China to launch circuit breaker next year: Report

An investor observes stock market at a stock exchange hall in Nanjing, Jiangsu Province of China.
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China will launch a stock index circuit breaker next year, according to media reports, as policymakers attempt to shore up investor sentiment still creaking from a summer rout.

Beijing-based media publication Caixin reported the news on its Mandarin website early Thursday, saying the new measure would go into effect after January 1. No further details were given.

The report, which has yet to be confirmed by Beijing, harmonize with earlier statements made by China's securities watchdog. In September, officials announced they were drafting plans to employ the circuit-breaker mechanism but didn't mention a timeline.

A circuit breaker refers to measures put in place to avert panic in markets by putting temporary halts or a freeze in trading if, for instance, the index in question falls by a pre-determined level.

Under rules proposed in September, a move of 5 percent in either direction from the index's previous close would have triggered a 30-minute trade suspension across the country's equity indexes if the move occurred before 2.30 pm local time. After that, a 5 percent move would have led to a trading freeze until the market close at 3.00 pm.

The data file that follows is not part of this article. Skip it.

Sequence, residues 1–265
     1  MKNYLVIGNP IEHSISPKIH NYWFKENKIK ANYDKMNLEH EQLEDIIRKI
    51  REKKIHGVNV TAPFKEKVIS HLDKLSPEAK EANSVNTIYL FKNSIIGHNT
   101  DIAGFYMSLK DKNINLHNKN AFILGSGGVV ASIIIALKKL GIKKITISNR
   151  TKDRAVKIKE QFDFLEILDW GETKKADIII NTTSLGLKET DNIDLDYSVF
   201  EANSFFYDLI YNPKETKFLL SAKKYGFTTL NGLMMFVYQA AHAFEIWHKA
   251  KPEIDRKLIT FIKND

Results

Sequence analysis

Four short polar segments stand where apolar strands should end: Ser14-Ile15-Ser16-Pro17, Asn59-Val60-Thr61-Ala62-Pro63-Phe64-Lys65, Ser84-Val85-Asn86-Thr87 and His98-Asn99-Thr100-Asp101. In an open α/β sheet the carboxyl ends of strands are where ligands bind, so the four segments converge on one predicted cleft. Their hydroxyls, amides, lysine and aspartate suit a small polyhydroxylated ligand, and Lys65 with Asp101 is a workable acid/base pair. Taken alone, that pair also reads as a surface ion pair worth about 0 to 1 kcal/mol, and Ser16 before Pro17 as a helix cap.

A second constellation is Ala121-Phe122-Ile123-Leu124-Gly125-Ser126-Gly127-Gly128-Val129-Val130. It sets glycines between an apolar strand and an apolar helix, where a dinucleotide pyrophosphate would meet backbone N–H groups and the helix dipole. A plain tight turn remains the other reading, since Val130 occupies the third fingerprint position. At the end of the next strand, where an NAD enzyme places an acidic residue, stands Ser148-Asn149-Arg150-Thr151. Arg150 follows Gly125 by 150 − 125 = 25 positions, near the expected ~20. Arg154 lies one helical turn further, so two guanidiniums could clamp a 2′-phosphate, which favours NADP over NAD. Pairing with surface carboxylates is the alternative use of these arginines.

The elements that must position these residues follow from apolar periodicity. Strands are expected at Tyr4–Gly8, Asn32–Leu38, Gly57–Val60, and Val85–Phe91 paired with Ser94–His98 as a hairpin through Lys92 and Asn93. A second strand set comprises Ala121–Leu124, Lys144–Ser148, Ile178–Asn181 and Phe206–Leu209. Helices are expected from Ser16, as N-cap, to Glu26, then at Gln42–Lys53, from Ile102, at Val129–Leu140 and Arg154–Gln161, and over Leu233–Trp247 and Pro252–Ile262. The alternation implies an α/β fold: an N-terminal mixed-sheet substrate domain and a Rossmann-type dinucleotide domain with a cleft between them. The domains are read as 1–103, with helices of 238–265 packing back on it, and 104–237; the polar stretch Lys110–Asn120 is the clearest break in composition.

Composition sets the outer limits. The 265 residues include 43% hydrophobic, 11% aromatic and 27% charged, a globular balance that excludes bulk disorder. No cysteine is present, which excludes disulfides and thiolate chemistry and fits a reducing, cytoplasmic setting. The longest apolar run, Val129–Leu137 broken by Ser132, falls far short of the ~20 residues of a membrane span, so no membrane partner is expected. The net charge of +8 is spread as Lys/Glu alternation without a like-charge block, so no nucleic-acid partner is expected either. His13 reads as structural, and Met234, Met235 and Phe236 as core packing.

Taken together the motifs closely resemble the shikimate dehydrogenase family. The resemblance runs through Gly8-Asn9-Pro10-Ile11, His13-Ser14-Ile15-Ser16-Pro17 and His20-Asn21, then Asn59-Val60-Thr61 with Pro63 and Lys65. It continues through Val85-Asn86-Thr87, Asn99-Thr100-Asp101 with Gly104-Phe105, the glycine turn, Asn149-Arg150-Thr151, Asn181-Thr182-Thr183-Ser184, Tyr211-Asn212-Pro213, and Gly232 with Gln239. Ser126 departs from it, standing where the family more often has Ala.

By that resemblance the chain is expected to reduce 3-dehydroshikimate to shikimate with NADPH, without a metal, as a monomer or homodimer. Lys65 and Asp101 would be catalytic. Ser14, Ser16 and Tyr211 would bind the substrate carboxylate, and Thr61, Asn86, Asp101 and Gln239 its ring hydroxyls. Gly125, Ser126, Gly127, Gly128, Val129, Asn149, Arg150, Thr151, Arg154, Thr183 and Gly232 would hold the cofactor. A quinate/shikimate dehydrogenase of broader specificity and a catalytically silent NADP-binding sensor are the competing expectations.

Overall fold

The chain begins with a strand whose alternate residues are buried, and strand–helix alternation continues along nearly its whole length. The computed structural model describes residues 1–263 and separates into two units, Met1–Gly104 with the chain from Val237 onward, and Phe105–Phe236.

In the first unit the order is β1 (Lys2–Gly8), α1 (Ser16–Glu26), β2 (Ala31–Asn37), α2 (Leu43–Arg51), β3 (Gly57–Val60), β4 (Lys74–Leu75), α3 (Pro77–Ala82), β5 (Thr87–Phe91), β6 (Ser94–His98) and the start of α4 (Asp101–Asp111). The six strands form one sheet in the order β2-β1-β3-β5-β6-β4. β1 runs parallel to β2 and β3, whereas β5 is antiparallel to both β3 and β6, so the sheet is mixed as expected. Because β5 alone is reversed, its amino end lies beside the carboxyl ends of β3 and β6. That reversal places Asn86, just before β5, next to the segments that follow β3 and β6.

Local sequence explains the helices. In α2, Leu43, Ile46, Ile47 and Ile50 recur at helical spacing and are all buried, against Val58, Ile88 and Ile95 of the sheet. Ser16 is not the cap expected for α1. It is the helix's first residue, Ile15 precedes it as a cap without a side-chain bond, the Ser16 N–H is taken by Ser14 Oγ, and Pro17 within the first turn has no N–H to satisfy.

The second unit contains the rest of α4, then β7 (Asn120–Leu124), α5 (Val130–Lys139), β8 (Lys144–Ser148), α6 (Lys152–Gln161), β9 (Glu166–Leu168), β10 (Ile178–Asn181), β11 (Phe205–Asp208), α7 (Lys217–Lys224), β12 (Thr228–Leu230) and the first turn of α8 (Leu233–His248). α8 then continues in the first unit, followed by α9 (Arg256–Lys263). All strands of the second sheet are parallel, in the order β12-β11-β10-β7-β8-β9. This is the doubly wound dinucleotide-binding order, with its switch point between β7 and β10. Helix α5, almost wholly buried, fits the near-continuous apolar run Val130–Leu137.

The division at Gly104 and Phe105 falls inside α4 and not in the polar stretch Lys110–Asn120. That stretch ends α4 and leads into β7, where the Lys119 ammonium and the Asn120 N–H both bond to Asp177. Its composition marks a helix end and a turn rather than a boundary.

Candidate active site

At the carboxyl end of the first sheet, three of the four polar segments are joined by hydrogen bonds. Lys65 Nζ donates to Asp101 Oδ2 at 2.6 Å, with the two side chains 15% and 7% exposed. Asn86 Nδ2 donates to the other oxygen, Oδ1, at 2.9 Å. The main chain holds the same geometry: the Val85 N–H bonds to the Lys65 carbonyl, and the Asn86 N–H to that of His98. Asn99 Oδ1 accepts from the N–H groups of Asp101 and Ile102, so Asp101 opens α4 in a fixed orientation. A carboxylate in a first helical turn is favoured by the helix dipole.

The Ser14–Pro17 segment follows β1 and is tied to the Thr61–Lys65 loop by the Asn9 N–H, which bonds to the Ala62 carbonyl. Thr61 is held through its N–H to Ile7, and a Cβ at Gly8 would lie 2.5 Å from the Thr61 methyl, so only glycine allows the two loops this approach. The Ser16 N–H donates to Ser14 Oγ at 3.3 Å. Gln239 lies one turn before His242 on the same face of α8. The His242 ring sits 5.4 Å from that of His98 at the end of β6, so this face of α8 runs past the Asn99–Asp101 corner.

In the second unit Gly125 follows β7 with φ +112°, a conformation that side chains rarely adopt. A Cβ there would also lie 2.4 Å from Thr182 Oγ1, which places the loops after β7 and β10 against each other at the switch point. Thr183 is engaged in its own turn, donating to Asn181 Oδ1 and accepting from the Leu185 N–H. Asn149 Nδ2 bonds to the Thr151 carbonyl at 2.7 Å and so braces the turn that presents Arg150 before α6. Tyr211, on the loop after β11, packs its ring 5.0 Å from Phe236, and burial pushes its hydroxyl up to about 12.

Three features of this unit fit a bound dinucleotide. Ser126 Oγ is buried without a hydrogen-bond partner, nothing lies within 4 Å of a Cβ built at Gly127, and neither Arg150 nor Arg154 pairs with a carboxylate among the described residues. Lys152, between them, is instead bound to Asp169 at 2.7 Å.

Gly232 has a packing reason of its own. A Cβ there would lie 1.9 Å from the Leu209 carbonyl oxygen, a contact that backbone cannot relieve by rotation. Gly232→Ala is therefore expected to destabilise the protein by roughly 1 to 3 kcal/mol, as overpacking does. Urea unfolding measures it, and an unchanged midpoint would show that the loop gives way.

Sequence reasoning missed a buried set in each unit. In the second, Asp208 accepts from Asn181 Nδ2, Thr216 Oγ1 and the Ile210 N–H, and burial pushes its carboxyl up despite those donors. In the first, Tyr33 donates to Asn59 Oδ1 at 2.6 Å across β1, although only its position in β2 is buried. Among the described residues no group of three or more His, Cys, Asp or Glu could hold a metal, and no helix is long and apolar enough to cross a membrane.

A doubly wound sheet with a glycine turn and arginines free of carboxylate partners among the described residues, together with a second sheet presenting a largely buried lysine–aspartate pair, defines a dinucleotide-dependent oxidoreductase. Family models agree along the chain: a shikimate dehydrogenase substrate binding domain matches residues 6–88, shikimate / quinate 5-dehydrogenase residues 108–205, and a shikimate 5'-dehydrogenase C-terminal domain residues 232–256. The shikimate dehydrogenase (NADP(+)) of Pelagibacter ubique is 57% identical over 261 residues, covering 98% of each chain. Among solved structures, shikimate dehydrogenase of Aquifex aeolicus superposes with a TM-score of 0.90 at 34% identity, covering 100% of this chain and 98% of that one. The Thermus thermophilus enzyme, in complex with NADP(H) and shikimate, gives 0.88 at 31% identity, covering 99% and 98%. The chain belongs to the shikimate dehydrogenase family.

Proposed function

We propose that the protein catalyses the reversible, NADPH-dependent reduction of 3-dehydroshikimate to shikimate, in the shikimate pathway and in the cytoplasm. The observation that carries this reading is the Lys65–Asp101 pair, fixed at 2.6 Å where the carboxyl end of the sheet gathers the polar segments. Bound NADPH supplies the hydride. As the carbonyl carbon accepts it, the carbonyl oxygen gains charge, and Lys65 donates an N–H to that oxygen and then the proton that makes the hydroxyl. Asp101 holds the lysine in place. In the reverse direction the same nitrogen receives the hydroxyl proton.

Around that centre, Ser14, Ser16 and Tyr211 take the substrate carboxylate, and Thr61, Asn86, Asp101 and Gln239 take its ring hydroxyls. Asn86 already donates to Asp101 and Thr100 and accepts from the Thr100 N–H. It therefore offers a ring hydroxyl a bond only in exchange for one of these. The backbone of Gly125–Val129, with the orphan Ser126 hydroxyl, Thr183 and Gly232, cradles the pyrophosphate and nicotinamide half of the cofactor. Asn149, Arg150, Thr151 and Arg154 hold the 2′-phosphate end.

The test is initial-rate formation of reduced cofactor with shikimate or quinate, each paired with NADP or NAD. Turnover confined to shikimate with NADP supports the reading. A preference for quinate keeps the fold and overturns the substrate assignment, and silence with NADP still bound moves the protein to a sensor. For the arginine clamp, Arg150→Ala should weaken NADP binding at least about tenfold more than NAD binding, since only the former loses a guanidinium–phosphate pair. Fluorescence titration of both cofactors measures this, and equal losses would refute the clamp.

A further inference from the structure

Meanwhile, a 7 percent rise or fall in the CSI300 Index would have prompted a trading halt in the Shanghai and Shenzhen stock exchanges for the rest of the day.

A multi-month aggressive sell-off earlier this year among Shanghai and Shenzhen stocks, known as A-shares, saw both domestic retail and foreign investors shun Chinese companies amid fears of extreme volatility.

After starting in mid-June, the rout wiped more than $3 trillion off A-shares in a matter of a month, casting a heavy blow to Beijing's political credibility.

"Anything officials do now after what happened this summer will be perceived badly because it looks like they're closing the barn door after the horse has bolted. People may think they're implementing controls so they don't have to relive another market crash," said Tim Condon, head of Asia research, at ING.

But Condon himself doesn't subscribe to that view.

"It's obvious authorities are trying to develop the market in a responsible way. For that to happen, there has to be controls and regulations so this is part of a broader program of strengthening markets."

While the Shanghai Composite has since recovered, with gains of 12.4 percent in the past three months, it remains nearly 30 percent lower since June despite a slew of official relief measures, such as a temporary halt on initial public listings and large share purchases by government-run funds.

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